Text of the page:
The chance discovery of a building dating to around the time of Alfred the Great has led to a remarkable project in Oxfordshire: the re-creation of the Wessex House, a building thought to be an Anglo Saxon royal residence.
Three years ago a group of researchers from the University of Oxford’s School of Archaeology discovered the remains of a ‘high-status’ house while taking part in a routine dig at the Sylva Wood Centre in Long Wittenham.
The size of the so-called ‘Wessex House’ — 40ft by 20ft — and the deep trenches around it quickly convinced the team that they were looking at something special.
Subsequent analysis of crop marks in aerial photos revealed it was one of at least three large buildings in the area that formed a ‘great hall complex’ of some importance, and was quite possibly a royal residence.
The idea of re-building the palace was picked up by the Sylva Foundation — an environmental charity whose aim is ‘to help forests thrive – for people and for nature‘ — who were given 30 tonnes of wood from the ancient trees on the Blenheim estate.
‘Blenheim is extremely fortunate to have one of the most ancient oak woodlands to survive anywhere in Europe with some of our oldest trees dating back around a thousand years, said Blenheim’s Estates Director, Roy Cox.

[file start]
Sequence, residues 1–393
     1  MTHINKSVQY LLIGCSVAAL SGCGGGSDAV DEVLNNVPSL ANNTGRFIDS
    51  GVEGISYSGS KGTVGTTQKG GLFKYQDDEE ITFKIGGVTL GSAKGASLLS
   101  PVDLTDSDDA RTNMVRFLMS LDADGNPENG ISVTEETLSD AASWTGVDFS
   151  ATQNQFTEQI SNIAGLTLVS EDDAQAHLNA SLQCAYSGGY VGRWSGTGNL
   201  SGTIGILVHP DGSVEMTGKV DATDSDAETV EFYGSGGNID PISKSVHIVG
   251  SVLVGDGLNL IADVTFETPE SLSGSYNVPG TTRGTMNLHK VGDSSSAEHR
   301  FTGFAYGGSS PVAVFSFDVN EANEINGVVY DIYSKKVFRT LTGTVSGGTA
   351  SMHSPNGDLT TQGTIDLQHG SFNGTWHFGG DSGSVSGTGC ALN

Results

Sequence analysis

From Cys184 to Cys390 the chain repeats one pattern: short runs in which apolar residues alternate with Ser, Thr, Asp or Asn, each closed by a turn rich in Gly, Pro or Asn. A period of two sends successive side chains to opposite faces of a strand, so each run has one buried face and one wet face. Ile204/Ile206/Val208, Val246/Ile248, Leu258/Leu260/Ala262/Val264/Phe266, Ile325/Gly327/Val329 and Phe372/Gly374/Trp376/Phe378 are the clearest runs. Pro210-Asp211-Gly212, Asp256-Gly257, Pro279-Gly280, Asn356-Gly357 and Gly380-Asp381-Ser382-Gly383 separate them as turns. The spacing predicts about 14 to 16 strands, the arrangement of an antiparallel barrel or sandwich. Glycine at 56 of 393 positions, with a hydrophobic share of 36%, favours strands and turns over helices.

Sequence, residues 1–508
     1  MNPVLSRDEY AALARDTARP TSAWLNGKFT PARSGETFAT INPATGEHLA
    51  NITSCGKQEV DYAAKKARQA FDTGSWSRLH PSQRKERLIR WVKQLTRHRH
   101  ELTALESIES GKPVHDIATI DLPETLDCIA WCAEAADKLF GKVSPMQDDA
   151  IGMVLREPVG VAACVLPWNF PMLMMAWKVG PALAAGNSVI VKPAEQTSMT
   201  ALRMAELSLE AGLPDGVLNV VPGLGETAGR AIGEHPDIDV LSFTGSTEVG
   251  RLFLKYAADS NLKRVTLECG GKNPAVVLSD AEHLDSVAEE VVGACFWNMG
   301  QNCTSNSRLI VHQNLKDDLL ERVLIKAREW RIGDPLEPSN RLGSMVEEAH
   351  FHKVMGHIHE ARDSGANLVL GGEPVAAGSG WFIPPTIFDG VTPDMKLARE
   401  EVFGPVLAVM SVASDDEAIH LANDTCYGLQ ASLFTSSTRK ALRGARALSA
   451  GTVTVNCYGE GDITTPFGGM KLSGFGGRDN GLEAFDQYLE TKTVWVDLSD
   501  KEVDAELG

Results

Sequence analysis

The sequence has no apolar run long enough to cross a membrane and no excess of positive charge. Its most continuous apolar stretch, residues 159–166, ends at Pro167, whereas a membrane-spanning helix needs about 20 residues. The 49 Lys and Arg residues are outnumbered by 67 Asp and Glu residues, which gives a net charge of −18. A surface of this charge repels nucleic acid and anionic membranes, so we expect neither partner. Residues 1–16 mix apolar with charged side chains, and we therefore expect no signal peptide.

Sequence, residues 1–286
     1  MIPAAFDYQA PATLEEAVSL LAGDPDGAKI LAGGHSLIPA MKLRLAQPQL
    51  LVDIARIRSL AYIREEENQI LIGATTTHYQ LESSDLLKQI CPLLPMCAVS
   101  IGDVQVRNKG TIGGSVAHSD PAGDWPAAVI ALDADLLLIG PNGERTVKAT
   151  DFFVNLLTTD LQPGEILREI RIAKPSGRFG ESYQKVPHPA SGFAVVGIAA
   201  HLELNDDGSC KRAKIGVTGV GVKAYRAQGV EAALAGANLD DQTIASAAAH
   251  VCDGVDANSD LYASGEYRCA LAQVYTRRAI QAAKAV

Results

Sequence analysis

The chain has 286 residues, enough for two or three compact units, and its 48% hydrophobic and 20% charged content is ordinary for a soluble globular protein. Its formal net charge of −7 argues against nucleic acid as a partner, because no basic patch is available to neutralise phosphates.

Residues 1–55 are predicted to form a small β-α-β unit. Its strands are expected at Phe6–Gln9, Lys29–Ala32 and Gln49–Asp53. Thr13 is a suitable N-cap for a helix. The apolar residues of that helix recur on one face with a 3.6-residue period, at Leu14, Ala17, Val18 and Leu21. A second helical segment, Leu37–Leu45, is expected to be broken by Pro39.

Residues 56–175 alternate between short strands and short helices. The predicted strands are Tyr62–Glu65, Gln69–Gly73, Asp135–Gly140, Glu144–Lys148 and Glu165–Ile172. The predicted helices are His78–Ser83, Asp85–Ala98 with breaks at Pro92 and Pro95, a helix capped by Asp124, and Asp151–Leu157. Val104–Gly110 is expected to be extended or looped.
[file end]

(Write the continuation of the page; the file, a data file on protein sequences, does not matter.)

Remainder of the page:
‘We have just the right sort of timber, so we’re pleased our trees are literally able to support such an exciting and ambitious project here in Oxfordshire and are very much looking forward to seeing the finished results.’
For those worried about the use of ancient trees for timber, have no fear. These lovely old trees — a mixture of 80 ash, birch, sweet chestnut and oak trees — were due for removal as part of a ‘structured woodland thinning’ which is part of the estate’s ancient woodland conservation efforts.
The frame of the Wessex House has been finished by volunteers working alongside timber frame construction experts and an archaeological woodwork specialist. Next up will be thatching the roof and building the walls from wattle and daub.
Recent work has meant that chambers unseen for 250 years have emerged from the murky underwater depths at Blenheim Palace,